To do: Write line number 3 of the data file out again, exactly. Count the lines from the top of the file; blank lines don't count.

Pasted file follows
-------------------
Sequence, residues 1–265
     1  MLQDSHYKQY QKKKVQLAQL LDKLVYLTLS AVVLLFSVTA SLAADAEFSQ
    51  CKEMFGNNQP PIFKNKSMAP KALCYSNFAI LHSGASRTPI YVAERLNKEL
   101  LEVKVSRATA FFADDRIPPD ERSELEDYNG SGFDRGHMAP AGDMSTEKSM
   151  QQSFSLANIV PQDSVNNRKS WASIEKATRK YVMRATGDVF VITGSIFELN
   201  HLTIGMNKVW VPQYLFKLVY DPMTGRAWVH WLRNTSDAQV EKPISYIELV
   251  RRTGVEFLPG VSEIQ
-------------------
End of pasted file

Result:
    51  CKEMFGNNQP PIFKNKSMAP KALCYSNFAI LHSGASRTPI YVAERLNKEL